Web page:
As we wandered through the Wyre Forest a few weeks ago, the four of us chatted happily. The type of easy conversation that doesn’t take much thought. We talked about leaves and the light, the Gruffalo and nursery, breadsticks vs crackers and it dawned on me, right then, that I am the owner of a pair of actual people. No longer those dependent, sweet smelling, soft bundles. These are real life, thinking, communicating people.
I imagine that this is a moment that strikes us mothers unaware, as we pack away long forgotten toys or put babygrows into that bag to go to the charity shop. Of course, this is not the first time that their freewill has come to my attention. It’s right there, during battles over not being allowed to wear wellies to bed or as they express their need to watch ‘Fireman Sam – The Great Fire of Pontypandy’ yet again (have you seen it? No? Save yourself..).
But right in that moment, they felt like a pair of tiny little friends. Great mates of mine, enjoying their company as if I’d hand picked them to spend my spare time with.
I realised then, that for all of the toddler wrangling, the sweat and tears, the moments of utter exasperation on both sides, I really like them. Not because I love them. Not because I made them, not because I think that helping them to grow up is the greatest privilege of my life, but because, they are growing into ace little people of their own.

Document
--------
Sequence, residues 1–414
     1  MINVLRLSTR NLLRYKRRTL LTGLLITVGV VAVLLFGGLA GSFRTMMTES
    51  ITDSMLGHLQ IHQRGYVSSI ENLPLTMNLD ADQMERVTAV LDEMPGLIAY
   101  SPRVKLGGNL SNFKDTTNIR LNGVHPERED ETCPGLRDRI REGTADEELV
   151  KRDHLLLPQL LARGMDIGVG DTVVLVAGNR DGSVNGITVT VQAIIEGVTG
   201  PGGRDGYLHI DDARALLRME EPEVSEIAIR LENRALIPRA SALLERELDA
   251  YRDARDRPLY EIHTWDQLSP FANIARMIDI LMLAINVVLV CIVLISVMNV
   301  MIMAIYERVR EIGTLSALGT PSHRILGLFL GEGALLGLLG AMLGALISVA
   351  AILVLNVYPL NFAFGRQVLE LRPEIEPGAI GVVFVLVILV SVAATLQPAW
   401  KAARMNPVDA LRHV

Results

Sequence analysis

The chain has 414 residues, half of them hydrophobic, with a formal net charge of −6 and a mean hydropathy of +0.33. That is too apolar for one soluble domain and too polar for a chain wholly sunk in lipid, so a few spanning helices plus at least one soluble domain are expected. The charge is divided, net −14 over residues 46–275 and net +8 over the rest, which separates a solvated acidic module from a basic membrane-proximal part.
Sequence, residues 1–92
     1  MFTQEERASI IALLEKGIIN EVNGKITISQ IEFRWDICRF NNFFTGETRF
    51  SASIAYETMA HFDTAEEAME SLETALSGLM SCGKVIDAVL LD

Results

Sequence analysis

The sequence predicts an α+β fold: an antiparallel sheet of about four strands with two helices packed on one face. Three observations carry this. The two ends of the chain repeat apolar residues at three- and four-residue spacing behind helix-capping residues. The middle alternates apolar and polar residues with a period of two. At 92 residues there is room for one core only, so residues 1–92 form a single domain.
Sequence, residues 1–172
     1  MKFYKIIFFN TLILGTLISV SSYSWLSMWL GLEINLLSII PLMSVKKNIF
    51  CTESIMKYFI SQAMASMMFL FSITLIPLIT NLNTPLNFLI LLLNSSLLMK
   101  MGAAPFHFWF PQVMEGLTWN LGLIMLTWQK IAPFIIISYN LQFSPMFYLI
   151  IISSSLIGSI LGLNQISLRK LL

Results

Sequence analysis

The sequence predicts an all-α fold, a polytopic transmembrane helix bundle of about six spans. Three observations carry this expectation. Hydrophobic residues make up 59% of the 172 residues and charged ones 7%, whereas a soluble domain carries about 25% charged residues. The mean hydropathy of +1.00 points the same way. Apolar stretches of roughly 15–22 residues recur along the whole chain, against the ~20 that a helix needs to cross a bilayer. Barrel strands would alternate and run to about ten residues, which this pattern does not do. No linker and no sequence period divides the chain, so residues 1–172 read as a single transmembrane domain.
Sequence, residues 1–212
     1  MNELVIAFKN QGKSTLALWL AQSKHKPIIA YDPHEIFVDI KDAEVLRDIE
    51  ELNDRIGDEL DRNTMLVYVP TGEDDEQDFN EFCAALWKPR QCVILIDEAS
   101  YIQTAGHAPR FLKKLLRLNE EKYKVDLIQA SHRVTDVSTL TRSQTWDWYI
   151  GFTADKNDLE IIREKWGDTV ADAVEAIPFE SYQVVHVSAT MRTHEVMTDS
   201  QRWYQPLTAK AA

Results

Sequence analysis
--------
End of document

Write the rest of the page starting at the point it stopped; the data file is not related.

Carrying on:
She is sassy and opinionated and strong willed. She likes a look in the mirror before we leave the house, but also to freestyle sometimes, releasing just one pigtale as she runs about in the crisp air howling with laughter. She’s yet to master putting her boots on the right feet, but like most things in life, it doesn’t stop her from trying. She can write an H and display it proudly informing you that it’s her name. Try and tell her that she’s still Mummy’s baby at your peril.
He is either on or off. Sometimes 100 miles an hour, racing head first towards any target, loudly announcing his superhero status to the world, ready to find the next emergency. An insatiable appetite for ‘fixing’, hammering, throwing, racing. At other times, he’s a minature film addict (his father’s son), unmoved by snacks or his sister or his favourite toy hammer, when that boy is in a Toy Story chance you have no chance.
Oh my little people how I do adore you. I will remember these moments when there’s porridge flinging across the kitchen table, when you feign deafness as we need to leave the house and when you’re screaming in a rage because your socks match.
Toddler conversations, the best thing ever, yes?